Healthy Hearts: A New Metric System to Support Pediatric Heart Surgeons; Instant Replay Policies in Sports: Lagging Behind Advancements in Technology

Bullock, John, School of Engineering and Applied Science, University of Virginia
Porter, Michael, EN-Eng Sys and Environment, University of Virginia
Rogers, Hannah, EN-Engineering and Society, University of Virginia

The STS technical thesis and the STS research thesis are largely unrelated topics, but can be connected under the general umbrella of data science. The technical thesis is built around a Capstone project, and focuses on heart data to generate longitudinal studies. The research thesis was inspired by the author’s personal interest in sports science and statistics, and looks more at summary values and traditional statistical tests.
The technical thesis describes a Capstone project that deals with issues related to pediatric heart transplant data. There is a substantial need to increase donor heart utilization for children waiting for heart transplantation. Almost half of pediatric heart donors are discarded, despite a nearly 20% waitlist mortality. DonorNet is a system that the United Network for Organ Sharing (UNOS) uses to match donors to a ranked order of recipients based on blood type, heart size, and urgency status of the recipient, among other factors. Doctors whose recipients have been matched to a donor have a limited time to view data on the donor’s heart condition, including medical history, vitals, laboratory testing, and radiological results, and decide whether or not to accept it. Due to the large amount of data associated with each donor heart, the lack of data-driven guidelines focusing on which factors most correlate with recipient survival, and the negative impacts that an unsuccessful transplant will have for the potential recipient and the transplant program, doctors simply do not have adequate recommendations on when to accept a heart. The Capstone team focused on developing longitudinal studies and other statistical tests for the client, a UVA pediatric surgeon, to find which data was most significant in determining the health of a donor’s heart.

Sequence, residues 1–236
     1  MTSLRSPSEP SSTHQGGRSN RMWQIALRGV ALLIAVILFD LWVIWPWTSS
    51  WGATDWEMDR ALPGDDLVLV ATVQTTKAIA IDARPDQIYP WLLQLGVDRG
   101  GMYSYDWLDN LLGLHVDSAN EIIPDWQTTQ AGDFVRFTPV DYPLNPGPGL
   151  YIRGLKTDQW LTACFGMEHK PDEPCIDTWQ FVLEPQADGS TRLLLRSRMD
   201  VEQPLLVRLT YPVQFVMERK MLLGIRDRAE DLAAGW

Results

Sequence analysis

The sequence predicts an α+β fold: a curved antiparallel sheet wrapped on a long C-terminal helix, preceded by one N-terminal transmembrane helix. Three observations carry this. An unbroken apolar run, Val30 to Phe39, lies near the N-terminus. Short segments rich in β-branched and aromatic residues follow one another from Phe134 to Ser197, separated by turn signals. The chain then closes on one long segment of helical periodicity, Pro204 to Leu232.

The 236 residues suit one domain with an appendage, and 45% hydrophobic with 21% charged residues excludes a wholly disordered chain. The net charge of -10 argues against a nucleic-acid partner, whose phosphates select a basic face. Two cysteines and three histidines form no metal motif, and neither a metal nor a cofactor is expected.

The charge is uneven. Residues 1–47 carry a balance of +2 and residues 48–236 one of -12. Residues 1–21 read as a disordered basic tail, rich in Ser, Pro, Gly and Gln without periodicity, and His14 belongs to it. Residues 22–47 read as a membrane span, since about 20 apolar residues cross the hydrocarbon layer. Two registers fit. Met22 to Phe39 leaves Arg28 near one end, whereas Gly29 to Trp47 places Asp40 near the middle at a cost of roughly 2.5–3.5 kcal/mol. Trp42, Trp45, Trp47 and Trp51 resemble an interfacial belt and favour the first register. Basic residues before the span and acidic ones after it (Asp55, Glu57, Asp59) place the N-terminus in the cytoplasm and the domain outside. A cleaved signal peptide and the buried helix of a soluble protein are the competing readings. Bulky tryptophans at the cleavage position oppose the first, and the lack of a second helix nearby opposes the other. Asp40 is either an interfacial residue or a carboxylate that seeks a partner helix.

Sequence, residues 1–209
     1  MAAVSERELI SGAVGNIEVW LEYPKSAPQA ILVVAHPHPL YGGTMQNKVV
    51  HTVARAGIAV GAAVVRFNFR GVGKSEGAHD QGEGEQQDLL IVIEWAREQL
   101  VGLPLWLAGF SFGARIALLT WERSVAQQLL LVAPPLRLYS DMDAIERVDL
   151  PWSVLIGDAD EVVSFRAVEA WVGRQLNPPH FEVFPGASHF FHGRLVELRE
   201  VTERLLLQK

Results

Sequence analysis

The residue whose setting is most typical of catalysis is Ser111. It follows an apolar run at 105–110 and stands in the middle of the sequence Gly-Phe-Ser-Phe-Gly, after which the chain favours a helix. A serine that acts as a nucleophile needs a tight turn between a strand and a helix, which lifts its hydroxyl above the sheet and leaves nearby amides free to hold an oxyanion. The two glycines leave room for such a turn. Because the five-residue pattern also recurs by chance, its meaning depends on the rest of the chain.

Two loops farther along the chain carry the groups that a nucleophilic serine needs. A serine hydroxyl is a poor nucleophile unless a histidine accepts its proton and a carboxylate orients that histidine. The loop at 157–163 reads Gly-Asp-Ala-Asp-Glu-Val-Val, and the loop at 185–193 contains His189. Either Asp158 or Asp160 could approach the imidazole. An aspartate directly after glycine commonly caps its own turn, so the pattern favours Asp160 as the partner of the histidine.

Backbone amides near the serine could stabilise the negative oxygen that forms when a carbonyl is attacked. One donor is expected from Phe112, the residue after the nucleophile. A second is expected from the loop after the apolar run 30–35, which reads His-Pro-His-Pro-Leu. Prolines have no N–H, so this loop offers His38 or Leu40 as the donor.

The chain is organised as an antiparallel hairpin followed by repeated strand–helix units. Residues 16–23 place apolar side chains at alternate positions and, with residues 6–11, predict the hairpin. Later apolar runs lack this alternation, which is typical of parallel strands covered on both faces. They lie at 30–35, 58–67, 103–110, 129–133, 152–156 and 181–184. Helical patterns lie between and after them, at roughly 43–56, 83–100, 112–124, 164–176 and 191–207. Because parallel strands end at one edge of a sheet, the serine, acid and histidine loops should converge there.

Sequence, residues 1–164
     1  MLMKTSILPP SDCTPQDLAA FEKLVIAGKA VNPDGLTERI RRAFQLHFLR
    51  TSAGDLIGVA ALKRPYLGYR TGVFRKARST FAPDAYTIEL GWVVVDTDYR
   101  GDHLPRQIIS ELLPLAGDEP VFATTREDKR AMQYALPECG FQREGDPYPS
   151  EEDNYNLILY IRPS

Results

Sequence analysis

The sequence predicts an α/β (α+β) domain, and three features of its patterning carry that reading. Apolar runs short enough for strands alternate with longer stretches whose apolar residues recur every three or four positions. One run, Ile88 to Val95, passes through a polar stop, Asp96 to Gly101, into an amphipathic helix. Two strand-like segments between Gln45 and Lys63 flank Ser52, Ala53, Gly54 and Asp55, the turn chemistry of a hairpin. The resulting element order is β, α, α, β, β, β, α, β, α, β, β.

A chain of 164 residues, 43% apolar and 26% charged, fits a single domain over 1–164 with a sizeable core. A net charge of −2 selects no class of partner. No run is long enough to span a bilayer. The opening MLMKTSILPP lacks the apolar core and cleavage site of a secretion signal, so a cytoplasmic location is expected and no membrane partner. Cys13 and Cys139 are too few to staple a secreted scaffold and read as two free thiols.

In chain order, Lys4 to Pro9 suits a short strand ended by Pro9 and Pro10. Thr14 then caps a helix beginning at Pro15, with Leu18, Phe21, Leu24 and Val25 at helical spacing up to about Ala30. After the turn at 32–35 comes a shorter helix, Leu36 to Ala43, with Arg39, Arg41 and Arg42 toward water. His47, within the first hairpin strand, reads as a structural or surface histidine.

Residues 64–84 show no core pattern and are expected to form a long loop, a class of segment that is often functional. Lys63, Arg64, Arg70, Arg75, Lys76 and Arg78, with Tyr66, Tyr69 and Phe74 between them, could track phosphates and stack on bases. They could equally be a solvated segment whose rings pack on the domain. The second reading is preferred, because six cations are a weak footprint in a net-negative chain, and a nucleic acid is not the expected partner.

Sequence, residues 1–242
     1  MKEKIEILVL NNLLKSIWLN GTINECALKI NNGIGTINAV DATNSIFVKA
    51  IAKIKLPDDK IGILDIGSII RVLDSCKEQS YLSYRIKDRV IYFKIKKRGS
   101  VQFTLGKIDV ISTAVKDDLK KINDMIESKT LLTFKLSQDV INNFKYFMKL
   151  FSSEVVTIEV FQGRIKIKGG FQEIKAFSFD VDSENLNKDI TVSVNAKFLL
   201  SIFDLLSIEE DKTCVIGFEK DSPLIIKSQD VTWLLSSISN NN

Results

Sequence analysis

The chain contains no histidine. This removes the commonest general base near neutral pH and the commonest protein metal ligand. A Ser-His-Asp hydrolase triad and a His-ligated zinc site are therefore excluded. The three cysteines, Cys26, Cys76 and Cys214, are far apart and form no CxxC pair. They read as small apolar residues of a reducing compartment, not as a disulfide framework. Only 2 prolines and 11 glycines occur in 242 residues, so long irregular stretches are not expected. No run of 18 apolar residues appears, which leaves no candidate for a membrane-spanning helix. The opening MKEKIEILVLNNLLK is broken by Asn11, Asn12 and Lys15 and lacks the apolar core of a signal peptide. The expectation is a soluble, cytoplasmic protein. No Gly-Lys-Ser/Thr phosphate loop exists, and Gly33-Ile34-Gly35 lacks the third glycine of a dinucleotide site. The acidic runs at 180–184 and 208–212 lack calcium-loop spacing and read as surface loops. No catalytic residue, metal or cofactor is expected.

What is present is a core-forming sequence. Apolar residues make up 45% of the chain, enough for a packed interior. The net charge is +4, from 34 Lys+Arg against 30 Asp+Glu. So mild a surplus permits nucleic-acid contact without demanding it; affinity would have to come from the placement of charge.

The research thesis focuses on examining two sports leagues’ video replay policy, and recommends how these leagues can keep up with the rapidly changing video technology. Recent controversy in the NFL with penalty calls has forced the league to change their video replay review policy multiple times recently. The paper investigates these changes, and describes their impacts using models with frequency and expected points data. Secondly, the paper inspects recent cheating scandals in MLB, and deciphers whether competing teams gained or did not gain advantages by their interpretation of replay technology policies. The theory of technological momentum is applied in order to better understand how these regulations have contributed to instant replay development, and vice versa.
Despite the technical and research papers not having much in common, a new appreciation for data science and policymakers was certainly found in both. The technical thesis’ findings were practical data statistics that can help surgeons better understand heart health, and make quicker and more informed decisions. In the future, policies regarding whether or not a heart is not used may change based on new findings associated with heart health. As with the heart health project, the research thesis also finds that technology and society are intertwined. Policymakers must proactively release new strategies in their sports leagues in order to not fall behind the development of new technologies.

BS (Bachelor of Science)
data science for healthcare, pediatric cardiology, heart transplantation, video replay
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